The N.C. Museum of Art opened a new exhibit on Saturday featuring 17 rare pieces of art that tell the story of human hope and ingenuity through the vernacular of the vehicle.
“Rolling Sculpture: Art Deco Cars from the 1930s and ’40s” is a carefully curated show of artists who expressed themselves in steel, chrome and leather at a time when the world worshiped new machines but still admired hand-craftsmanship. Many are one-of-kind, built to test a concept or technology, or to serve as mobile marketing tools to draw attention to a brand.
Like an earlier show at the NCMA that featured Porsches, this exhibit is expected to be popular and to draw people who rarely, if ever, see the inside of a museum gallery.
King Nelson of Mebane brought his 14-year-old son, Eric, to tour the exhibit. Before it opened, they had already been to a cars-and-coffee event in Morrisville and perused the models on display at the classic car meetup in the museum parking lot.
“It’s a full day of cars,” King Nelson said.
Eric said he got interested in cars as a little kid, watching his grandfather restore European cars from the 1960s. Mostly, he said, he was interested in the mechanical elements.
“I’m hoping he’ll grow to appreciate the artistic side of design,” his father added.
This exhibit celebrates both.
Cars in “Rolling Sculpture” represent the Art Deco period, which become popular with the 1925 Exposition Internationale des Arts Decoratifs et Industriels Modernes in Paris and went out in the 1940s before being revived in the 1970s. While it includes a wide range of styles, some of the hallmarks of Art Deco design are the juxtaposition of industrial and natural forms and materials, the use of sweeping curves and long lines, and a sense of elegance and glamour. The Chrysler Building in New York is a classic example of Art Deco design.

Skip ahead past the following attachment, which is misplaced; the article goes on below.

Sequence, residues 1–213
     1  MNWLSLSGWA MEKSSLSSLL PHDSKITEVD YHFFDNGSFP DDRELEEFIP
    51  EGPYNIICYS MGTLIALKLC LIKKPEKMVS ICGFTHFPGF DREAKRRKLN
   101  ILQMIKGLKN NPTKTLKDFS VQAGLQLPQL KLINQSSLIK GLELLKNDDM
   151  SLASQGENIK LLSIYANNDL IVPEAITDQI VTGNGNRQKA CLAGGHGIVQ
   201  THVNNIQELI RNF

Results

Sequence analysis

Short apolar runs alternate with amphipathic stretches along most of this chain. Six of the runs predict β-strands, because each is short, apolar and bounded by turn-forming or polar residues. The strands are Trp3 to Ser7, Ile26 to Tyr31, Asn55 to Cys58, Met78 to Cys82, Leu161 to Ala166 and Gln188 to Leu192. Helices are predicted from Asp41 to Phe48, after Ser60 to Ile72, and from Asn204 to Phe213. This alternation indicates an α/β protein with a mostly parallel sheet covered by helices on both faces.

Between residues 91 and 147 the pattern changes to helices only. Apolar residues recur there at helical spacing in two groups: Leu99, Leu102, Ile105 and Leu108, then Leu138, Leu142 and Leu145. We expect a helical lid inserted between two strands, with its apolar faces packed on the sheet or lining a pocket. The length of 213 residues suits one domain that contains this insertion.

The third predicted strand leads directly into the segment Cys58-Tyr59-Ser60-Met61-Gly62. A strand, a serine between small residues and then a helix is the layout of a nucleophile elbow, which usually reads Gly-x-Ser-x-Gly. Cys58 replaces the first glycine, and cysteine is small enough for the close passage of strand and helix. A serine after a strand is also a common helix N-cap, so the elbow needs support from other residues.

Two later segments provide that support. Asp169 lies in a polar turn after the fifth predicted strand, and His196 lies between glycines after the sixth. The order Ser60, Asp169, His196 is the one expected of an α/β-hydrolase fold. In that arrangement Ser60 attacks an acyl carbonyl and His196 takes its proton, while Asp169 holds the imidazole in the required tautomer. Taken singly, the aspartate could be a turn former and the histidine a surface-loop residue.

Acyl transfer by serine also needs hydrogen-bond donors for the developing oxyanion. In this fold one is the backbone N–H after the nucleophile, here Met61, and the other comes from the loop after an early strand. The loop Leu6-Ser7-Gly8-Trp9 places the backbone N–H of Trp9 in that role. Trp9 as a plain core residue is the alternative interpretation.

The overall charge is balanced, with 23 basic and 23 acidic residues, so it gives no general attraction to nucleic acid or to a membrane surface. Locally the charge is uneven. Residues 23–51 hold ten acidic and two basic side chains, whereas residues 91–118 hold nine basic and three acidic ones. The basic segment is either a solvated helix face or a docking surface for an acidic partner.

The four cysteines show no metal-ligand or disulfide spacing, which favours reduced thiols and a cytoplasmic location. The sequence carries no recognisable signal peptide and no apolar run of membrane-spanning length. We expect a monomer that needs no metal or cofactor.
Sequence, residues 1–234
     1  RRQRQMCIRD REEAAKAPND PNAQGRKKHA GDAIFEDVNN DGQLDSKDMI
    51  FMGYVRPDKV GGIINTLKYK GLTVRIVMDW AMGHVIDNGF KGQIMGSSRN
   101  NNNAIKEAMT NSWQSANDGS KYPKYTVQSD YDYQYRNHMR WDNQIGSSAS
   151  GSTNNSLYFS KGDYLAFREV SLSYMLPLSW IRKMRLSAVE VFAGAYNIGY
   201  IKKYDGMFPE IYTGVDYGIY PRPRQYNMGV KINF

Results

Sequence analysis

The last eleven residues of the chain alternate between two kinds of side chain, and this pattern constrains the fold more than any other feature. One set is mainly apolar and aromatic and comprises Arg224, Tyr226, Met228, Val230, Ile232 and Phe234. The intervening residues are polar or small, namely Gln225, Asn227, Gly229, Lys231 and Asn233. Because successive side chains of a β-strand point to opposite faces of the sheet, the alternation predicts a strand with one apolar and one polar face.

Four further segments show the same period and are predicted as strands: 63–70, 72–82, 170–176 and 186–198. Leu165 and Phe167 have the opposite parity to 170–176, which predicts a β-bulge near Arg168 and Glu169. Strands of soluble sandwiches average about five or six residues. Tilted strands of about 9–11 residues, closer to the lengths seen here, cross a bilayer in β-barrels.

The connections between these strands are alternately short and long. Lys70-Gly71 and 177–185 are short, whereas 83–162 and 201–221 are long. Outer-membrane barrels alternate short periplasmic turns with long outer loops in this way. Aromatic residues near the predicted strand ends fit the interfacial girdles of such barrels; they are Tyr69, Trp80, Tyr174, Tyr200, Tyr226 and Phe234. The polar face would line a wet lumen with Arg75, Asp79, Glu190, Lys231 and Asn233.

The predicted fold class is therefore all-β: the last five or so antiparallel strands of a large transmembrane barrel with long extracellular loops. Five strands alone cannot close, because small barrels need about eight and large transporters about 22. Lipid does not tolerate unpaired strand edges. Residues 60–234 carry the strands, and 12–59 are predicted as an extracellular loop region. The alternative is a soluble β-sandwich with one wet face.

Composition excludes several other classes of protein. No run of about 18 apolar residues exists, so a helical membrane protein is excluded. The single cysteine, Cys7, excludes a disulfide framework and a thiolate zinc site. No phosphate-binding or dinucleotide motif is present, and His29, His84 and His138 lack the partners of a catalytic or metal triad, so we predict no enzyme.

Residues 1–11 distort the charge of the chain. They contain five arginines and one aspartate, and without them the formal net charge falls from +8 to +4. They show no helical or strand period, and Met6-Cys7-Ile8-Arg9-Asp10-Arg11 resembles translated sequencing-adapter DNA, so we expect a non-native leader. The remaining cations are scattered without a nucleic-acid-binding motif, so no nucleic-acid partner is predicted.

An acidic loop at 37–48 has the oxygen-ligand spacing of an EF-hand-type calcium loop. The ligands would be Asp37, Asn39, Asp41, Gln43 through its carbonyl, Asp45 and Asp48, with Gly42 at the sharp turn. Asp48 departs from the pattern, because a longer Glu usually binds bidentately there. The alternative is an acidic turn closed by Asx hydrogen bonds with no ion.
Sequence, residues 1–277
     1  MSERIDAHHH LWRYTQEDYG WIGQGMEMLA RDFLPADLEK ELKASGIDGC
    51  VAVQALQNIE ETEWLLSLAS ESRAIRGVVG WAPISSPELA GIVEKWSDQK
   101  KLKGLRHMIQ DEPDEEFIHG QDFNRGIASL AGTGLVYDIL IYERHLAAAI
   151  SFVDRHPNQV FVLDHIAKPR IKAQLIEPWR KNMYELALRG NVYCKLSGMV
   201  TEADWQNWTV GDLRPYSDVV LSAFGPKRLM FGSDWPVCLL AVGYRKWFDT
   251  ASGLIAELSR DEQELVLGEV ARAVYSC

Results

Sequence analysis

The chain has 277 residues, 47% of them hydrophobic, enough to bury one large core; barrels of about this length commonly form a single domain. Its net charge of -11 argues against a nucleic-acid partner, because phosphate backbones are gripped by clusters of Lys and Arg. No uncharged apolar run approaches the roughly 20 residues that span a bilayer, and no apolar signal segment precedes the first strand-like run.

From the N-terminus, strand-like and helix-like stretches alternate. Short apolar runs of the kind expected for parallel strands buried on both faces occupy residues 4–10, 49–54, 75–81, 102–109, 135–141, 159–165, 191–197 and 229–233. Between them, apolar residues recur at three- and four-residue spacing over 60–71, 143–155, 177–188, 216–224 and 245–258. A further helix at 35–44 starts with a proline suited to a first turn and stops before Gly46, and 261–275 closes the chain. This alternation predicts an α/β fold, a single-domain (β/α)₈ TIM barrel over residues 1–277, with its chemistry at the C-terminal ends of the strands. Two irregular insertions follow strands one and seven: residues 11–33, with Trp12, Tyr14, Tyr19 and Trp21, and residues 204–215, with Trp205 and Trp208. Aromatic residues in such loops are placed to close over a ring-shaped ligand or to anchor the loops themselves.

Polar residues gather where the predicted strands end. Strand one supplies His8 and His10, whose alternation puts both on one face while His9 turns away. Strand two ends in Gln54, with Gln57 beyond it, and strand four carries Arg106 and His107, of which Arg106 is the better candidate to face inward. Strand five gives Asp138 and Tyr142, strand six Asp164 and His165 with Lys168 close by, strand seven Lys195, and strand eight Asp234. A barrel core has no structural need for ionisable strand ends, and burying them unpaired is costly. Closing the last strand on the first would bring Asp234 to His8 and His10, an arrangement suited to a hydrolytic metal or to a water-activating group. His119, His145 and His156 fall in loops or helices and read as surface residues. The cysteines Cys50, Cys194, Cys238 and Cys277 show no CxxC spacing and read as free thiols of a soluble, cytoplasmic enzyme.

Many in the still-young automotive industry fully embraced the style, incorporating its visual elements into body design and its inspirational quality into engine design. The results had an experimental feel, and “Rolling Sculpture” has examples of failures and successes.
The 1935 Chrysler Imperial Airflow, reportedly designed with input from Wilbur Wright, had aerodynamics based on early wind-tunnel studies but “was so advanced, it scared the public and nearly put Chrysler out of business” because of lackluster sales, according to the museum’s interpretive material.
Before the Beetle
The 1940 Tatra T87, of Czechoslovakian design, was an early air-cooled, rear-mounted engine that was clever and shapely enough that a court later agreed with the company when it sued Volkswagen for stealing the design for its Beetle.
The 14 cars and three motorcycles on display were selected by guest curator Ken Gross, a celebrated automotive journalist and former director of the Petersen Automotive Museum. The museum’s Caroline Rocheleau, curator of ancient art, coordinated with Gross to help put the cars into context with what was going on in North Carolina and around the world at the time.
Liz Scott, a museum docent, proved how easy it is to view cars as art as she talked with three of Melinda Radziewicz’s four young children Saturday. Scott used a laser pointer to highlight the shiny chrome spindles in the wheels of a 1938 Talbot-Lago Teardrop and taught the children the word “spokes.” She talked to them about the signature shapes that gave the car its name.
“Have you ever cried?” she asked. “What is it that comes out of your eyes when you cry? Teardrops!”
Scott helped the children find the swooping teardrop shapes of the car’s front and back fenders.
“That’s one of the things we like about this museum,” said the children’s mother. “The accessibility of the art.”
If you go
What: Rolling Sculpture: Art Deco Cars from the 1930s and ’40s
Where: N.C. Museum of Art, 2110 Blue Ridge Road, Raleigh
When: 10 a.m.-5 p.m. Tuesday-Thursday, Saturday and Sunday; 10 a.m.-9 p.m. Friday. Runs through Jan. 15.
Tickets: $19 adults; $16 seniors 65 and older, military, college students; $13 youth 7-18; free for children 6 and younger